Nikkei Chronicles #6: Itadakimasu 2!: Another Taste of Nikkei Culture

In response to popular demand, we are bringing back Nikkei Chronicles’ most popular and beloved theme: food! Itadakimasu 2! Another Taste of Nikkei Culture will revisit the role of food in Nikkei culture, the subject of the first Nikkei Chronicles in 2012.

We invite you to share your personal stories and essays, memoirs, academic papers, restaurant reviews, and other prose works that share your perspectives, experiences, and/or research on food.

How does the food you eat express your identity? How does food help to connect your community and bring people together? What kinds of recipes have been passed down from generation to generation in your family?

Submissions will be accepted from May 1 until September 30, 2017, at 6 p.m. PDT.

All stories that meet the project guidelines and criteria will be published in the Discover Nikkei Journal on a rolling basis as part of the Itadakimasu 2 series.

For more information, visit 5dn.org/itadakimasu2.


Check out these other Nikkei Chronicles series:

#1: ITADAKIMASU! A Taste of Nikkei Culture 
#2: Nikkei+ ~ Stories of Mixed Language, Traditions, Generations & Race ~ 
#3: Nikkei Names: Taro, John, Juan, João? 
#4: Nikkei Family: Memories, Traditions, and Values 
#5: Nikkei-go: The Language of Family, Community, and Culture 

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Restaurant Memory

My favorite restaurant in Little Tokyo is called Suehiro’s. It is a small Japanese restaurant on First Street between San Pedro and Alameda. It used to resemble a little mom and pop restaurant, but was recently remodeled to keep up with the rapidly gentrifying neighborhood. It is now more elegant and even has a wine bar, but it still serves the same comfortable, delicious food.

I like the chicken sukiyaki with its hearty broth and steaming noodles. I always search for the chewy shiitake mushroom hidden among the vegetables. The food is very simple: crunchy shrimp tempura, salty fish ...

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Caring and Helping Others

Chohichi Tanaka left Itoshima in Fukaoka, Japan in the early 1900s looking for a better life so he decided to venture to America where he thought he might find work. Chohichi stopped in Hawaii for a short period but continued to head to the mainland. He arrived in San Francisco. He went to French Camp, near Stockton California. He became a share cropper and grew sugar beets and sweet potatoes. He met his wife through a picture bride arrangement; her name was Waka.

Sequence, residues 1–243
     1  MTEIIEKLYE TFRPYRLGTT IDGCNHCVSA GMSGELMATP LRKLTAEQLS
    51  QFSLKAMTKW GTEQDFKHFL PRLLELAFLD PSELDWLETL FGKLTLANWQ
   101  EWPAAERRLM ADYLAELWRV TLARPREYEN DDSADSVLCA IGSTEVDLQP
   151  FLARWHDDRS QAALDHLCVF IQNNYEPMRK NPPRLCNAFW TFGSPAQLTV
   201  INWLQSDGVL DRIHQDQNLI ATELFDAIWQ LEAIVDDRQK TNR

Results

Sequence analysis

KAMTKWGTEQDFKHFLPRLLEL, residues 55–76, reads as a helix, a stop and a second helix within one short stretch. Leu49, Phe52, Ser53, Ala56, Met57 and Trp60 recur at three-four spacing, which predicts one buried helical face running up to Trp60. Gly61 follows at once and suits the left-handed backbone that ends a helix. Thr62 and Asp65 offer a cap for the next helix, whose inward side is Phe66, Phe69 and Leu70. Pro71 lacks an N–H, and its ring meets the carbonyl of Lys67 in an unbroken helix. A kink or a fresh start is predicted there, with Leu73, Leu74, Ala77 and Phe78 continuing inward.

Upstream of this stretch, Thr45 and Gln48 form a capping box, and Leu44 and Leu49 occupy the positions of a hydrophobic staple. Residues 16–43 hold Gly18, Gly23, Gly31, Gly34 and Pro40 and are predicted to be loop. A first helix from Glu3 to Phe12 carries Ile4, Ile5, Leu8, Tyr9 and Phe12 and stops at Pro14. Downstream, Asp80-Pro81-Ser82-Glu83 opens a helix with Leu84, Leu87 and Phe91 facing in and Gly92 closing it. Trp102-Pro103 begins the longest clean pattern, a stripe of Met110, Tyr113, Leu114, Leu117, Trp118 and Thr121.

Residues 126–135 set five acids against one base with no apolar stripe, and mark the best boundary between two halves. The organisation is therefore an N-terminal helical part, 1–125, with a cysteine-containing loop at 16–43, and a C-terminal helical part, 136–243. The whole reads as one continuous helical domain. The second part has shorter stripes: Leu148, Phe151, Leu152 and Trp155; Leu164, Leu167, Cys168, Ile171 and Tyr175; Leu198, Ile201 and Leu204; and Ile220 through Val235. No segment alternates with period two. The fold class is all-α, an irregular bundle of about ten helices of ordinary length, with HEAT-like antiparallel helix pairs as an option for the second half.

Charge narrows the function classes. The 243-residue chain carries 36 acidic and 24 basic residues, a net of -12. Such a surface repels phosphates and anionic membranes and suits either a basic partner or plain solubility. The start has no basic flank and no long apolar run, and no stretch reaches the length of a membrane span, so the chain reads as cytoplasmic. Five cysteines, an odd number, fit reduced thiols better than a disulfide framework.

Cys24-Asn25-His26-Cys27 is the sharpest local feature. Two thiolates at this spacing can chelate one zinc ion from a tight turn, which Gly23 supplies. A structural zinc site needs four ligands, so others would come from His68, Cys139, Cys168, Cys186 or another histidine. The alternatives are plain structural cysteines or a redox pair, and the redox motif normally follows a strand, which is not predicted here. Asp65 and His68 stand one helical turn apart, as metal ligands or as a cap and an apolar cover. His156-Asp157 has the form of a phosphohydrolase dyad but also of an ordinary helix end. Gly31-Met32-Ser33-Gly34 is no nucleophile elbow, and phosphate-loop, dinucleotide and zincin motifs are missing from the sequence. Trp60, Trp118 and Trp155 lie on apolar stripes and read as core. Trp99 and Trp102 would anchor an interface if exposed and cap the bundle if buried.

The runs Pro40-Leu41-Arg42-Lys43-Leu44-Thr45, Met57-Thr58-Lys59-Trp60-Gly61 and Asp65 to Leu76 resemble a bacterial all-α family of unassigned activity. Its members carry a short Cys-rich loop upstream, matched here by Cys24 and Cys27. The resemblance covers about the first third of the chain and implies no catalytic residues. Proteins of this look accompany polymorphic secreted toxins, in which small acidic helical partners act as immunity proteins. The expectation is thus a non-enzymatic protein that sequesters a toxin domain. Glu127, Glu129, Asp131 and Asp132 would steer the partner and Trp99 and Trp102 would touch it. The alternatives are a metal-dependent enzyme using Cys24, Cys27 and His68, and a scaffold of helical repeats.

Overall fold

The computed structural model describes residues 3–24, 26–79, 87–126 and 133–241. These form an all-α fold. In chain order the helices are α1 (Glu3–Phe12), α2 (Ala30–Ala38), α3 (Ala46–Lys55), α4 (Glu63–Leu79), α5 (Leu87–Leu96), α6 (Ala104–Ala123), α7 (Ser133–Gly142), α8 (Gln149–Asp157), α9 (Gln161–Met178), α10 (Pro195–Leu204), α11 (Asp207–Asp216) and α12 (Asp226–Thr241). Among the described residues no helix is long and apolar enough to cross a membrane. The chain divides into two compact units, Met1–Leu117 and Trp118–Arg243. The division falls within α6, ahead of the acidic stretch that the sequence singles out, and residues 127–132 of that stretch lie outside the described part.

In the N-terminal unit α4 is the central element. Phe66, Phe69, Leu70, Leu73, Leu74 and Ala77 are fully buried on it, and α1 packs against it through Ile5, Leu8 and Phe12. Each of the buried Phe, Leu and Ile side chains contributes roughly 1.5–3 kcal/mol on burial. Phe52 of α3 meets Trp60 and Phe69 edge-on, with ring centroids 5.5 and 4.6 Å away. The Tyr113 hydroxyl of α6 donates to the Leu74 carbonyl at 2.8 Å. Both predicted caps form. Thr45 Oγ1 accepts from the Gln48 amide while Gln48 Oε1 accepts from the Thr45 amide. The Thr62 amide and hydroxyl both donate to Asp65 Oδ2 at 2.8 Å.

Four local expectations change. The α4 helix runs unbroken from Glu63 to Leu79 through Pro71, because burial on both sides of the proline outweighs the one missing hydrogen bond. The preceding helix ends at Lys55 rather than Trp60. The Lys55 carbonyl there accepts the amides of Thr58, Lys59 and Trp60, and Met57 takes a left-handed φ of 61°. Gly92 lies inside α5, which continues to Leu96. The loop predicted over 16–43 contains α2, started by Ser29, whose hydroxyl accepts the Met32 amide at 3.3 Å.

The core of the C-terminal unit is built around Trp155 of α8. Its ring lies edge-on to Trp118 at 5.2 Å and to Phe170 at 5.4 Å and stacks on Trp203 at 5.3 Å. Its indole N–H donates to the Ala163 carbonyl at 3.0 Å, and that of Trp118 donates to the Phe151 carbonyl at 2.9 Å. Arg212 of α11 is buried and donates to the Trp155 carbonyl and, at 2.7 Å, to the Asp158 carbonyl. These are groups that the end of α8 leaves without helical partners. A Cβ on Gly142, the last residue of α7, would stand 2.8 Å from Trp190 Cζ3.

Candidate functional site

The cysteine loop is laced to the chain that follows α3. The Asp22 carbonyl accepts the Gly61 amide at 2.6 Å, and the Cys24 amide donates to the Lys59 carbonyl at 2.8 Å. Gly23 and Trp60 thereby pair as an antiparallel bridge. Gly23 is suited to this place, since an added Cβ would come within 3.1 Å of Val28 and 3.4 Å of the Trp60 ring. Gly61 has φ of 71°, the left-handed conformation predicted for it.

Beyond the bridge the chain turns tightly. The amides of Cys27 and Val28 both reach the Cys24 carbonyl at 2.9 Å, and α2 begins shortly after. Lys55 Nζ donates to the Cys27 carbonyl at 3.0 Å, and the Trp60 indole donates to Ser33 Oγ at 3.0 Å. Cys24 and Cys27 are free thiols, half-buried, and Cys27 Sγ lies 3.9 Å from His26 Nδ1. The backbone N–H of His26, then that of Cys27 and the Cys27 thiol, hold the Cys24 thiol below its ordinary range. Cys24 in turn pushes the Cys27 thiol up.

They had five children, Aiko, Yoshio, Masao, Mitsuko, and Hanako. They all attended school in French Camp ...

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In Praise of Konbini Ice Cream

I can remember those thickly hot Kobe days, when my brothers and I sat for hours on tatami mats, sluggishly scratching and slapping at the hot, swollen welts covering our legs. We would trace the patchwork fields indented on our knees and our thighs from the pressure of sitting on bamboo mats for too long, all the while dragging the page of a book to read on, numbly pawing at our Nintendo DS, or maybe even sinking into the couch cushions to stare at the television screen as it frustratingly highlighted Japanese Olympic athletes when all we wanted to see ...

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No Time for ITADAKIMASU!

Itadakimasu. What’s that? I never heard of it when I was growing up in postwar Canada. Japanese Language School didn’t exist in Greenwood. The only word similar to that was “Itai!” or “Itai-na!” when your older brother or sister was shoving you aside to get the best seat at the kitchen table. Besides, we all wanted to be more “Canadian-ized,” that is Anglo-Canadian culture. At Sacred Heart School, we children learned to sing “Irish Eyes are Smiling” or “Loch Lomond.” Even though the food was bland compared to Japanese food, it was a treat to have the nuns ...

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Matsutake Sukiyaki

In Seattle, my family’s mushroom hunting season would begin with discussions around the big table in the large, windowed breakfast nook at home, where the family took all everyday meals. Around the dinner table, rumors about friends and acquaintances being recognized at various well-known matsutake sites in the Cascades, the Olympic Peninsula, and Shelton were thoroughly analyzed. One year, matsutake were found under huckleberry bushes, an inconceivable place! Every Japanese family had their own, secret matsutake hunting places, locations which were family treasures. We children were sworn to secrecy and sternly admonished not to utter the names of the ...

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